When the weather is warm and the days are long, nothing says Summer like the sounds of neighborhood kids at play. There's safety to consider along with all the fun, however.
While all fifty states have statutes on the books spelling out the particulars of safe playground equipment construction and maintenance, the national Playground Code is the governing document that contains the universal guidelines by which any playground facility—public or private—must abide by.
There's one catch, however: code only presents guidelines and strong recommendations for safety—its checkpoints are not technically mandatory, though failure to comply could result in injury, lawsuits or worse. A playground or some good pieces of equipment is a terrific amenity, both for kids and their parents. Making sure that equipment is properly constructed and installed and learning to play safely and abide by the guidelines is essential for any co-op or condo board.
Decoding the Playground Code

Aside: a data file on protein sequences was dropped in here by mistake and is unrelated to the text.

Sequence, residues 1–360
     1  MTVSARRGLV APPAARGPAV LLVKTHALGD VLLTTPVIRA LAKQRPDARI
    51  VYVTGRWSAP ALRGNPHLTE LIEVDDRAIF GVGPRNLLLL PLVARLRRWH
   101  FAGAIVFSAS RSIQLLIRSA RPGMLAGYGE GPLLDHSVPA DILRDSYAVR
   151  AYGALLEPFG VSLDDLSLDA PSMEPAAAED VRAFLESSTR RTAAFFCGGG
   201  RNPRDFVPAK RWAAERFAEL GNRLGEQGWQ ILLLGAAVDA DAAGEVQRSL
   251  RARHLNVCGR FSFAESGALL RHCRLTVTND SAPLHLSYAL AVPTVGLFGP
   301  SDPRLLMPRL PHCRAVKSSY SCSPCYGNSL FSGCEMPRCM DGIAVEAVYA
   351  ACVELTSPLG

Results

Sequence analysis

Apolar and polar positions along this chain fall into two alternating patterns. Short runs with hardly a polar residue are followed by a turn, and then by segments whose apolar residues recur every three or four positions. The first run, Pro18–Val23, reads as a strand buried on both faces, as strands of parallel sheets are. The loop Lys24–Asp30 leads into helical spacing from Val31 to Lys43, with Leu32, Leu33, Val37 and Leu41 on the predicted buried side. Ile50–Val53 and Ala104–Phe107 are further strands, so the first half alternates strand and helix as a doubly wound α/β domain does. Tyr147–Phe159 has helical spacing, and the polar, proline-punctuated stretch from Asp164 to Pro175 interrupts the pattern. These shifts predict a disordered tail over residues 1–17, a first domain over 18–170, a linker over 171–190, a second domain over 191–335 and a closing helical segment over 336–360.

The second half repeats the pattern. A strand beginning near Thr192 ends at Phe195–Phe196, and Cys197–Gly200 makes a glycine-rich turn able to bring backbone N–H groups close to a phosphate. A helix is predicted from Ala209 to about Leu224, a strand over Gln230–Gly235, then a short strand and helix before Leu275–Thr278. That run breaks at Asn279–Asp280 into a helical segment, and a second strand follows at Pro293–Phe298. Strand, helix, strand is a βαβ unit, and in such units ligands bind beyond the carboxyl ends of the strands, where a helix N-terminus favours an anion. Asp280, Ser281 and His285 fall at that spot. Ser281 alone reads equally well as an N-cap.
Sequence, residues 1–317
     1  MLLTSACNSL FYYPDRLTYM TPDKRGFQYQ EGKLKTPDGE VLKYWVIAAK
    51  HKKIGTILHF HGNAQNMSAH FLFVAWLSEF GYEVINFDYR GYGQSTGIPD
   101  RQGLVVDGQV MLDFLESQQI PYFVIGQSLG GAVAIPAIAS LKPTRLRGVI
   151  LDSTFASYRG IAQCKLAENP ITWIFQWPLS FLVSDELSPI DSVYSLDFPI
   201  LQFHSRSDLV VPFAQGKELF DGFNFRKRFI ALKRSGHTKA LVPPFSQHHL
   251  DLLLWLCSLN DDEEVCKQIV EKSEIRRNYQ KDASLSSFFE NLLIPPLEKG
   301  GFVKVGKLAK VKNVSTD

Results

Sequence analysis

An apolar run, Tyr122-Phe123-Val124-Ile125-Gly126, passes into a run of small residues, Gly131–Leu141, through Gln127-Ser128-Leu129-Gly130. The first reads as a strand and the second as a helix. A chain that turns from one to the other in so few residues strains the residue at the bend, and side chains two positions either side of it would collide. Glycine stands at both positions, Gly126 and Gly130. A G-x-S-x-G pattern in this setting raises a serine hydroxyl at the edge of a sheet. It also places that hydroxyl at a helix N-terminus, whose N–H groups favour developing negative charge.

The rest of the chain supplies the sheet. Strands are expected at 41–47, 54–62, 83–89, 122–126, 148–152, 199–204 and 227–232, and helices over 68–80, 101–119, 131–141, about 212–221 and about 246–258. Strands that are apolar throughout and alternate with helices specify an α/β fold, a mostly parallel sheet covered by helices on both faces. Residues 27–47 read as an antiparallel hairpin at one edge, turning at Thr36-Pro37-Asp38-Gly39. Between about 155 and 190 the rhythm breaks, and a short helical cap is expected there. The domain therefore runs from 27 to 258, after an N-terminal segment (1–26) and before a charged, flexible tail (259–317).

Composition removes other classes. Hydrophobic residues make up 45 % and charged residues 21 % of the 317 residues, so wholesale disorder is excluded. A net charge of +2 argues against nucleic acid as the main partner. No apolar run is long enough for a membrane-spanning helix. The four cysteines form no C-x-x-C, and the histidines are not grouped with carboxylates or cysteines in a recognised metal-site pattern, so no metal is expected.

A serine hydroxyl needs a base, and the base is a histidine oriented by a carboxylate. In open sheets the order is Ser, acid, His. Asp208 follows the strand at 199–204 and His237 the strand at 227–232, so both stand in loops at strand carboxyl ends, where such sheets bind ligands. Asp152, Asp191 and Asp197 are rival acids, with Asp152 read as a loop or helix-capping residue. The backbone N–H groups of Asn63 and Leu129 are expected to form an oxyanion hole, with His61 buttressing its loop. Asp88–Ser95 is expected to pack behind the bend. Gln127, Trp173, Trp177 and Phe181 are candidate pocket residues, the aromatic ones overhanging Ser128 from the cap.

According to Bill Boyce, president of Boyce Associates, a play equipment manufacturer in Trexlertown, Pennsylvania, "There are two documents governing the playground industry. The first is the Consumer Product Safety Commission (CPSC) Guidelines, which was set up in 1981 as a cooperative venture between the National Recreation and Parks Association and the CPSC. Its purpose was to try to establish guidelines for playground safety." Boyce says that collaboration was in response to numerous accidents on public play equipment.
The CPSC guidelines were updated again in 1990, Boyce continues, and subsequent to that the American Society for Testing and Materials (ASTM), a sanctioning organization, created an industry standard—called 14-87—at the end of the following year. "That is an industry standard that all manufacturers must be in compliance with." Boyce says.